Today we have a guest editorial from Kendra Little as Steve is away on his sabbatical.
A discussion came up on Twitter recently about database query performance: if you execute a query twice, it may be faster the second time it runs.
This can happen for a variety of reasons, but often the answer lies in how the database engine takes advantage of memory. For example, SQL Server will cache the data used by the query in the buffer pool whenever it can. If the data is not forced from the buffer pool due to failover, memory pressure, or another action, subsequent executions of this query (or other queries which happen to use the same data) can reference the data directly from memory and skip a slow trip to read the data from disk.
When testing this from an interactive query window against SQL Server, one of my longtime favorite commands is the following:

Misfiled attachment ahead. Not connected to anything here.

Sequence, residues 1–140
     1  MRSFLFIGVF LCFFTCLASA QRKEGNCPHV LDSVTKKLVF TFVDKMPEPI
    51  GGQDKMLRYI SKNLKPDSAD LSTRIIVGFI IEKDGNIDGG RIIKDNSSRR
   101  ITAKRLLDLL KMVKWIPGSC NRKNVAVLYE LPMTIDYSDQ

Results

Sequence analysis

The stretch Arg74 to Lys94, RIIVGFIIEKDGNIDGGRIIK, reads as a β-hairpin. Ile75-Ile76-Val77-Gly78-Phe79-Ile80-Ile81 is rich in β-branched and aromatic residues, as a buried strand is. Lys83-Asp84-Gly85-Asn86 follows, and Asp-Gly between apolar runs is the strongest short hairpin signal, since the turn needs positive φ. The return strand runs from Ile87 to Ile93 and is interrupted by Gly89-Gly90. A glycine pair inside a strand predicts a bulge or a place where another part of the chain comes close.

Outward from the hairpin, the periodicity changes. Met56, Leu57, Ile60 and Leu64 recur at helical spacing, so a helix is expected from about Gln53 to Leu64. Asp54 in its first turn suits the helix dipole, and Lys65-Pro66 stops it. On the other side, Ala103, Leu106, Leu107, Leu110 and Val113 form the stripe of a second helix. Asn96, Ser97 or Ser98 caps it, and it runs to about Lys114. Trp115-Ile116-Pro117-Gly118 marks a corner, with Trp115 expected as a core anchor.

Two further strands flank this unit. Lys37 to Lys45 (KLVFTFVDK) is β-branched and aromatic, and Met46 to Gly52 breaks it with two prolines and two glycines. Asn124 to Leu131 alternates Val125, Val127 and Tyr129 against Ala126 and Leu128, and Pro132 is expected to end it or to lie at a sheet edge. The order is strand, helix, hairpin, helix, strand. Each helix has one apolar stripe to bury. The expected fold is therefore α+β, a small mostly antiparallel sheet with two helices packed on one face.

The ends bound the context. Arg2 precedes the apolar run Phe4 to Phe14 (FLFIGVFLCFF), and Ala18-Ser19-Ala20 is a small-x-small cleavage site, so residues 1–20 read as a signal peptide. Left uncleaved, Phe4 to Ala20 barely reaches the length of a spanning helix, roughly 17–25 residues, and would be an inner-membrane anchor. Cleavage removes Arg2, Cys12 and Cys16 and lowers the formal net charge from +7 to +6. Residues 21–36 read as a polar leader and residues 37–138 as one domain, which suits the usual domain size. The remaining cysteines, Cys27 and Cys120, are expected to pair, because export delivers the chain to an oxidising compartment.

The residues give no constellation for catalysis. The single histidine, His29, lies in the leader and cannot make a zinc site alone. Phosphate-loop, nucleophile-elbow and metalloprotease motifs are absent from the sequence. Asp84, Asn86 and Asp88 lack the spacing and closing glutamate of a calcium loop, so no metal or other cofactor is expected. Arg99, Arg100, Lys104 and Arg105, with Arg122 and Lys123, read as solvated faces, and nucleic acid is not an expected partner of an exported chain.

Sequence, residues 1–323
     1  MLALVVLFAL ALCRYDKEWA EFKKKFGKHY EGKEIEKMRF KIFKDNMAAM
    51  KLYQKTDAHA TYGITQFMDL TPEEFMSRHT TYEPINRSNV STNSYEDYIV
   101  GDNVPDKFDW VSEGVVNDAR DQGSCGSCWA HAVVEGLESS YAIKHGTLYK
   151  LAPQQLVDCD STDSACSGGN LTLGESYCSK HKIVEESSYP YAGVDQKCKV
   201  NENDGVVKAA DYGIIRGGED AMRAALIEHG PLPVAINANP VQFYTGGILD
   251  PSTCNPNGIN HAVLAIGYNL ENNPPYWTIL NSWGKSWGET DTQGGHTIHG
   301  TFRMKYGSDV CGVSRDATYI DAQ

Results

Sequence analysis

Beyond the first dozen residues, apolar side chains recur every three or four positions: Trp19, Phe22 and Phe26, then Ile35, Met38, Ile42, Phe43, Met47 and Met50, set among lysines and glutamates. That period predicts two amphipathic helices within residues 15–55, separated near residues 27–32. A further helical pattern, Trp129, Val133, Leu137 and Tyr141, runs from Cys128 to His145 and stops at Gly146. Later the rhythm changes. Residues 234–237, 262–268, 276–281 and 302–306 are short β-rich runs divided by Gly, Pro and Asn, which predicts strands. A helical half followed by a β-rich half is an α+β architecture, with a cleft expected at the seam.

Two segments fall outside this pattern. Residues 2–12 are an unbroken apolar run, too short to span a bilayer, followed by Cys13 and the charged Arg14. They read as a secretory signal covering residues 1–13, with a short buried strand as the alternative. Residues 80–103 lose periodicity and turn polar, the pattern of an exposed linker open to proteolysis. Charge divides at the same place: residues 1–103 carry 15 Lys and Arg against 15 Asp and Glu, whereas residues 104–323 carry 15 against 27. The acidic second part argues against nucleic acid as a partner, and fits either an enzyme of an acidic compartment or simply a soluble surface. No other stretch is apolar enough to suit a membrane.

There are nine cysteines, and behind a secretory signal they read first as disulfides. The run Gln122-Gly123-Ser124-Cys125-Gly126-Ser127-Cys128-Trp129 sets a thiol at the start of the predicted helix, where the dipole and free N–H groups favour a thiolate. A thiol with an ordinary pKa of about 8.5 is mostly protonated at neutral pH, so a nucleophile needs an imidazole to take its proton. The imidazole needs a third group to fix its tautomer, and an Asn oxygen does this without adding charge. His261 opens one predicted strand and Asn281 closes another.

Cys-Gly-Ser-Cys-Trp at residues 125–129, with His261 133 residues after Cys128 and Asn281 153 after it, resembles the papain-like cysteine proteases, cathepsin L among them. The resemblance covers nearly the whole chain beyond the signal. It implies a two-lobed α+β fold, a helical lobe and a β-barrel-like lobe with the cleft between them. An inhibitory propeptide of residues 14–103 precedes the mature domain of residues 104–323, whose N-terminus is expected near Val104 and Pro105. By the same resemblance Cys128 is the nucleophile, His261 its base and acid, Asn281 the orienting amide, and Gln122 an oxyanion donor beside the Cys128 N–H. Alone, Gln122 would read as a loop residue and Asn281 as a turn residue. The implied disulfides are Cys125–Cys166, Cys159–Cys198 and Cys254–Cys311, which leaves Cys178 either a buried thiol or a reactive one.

SET STATISTICS TIME, IO ON;
After this statement is run, you will receive information about how many reads were done by the query in the following categories:
- Logical reads – the total number of reads done (these may or may not have read from disk)
- Physical reads – a physical read copying data from disk into the buffer pool cache. In Statistics IO output this number does not include read-ahead reads.
- Read-ahead reads – an optimized type of physical read (from disk).
You can learn roughly how much your query took advantage of data stored in the buffer pool cache by doing a little math: logical reads – (physical reads + read-ahead reads) = roughly how much data already in memory was used.
If you’d like to learn more about using the STATISTICS TIME and STATISTICS IO commands, I’ve written a post on some tricks you can use with these commands.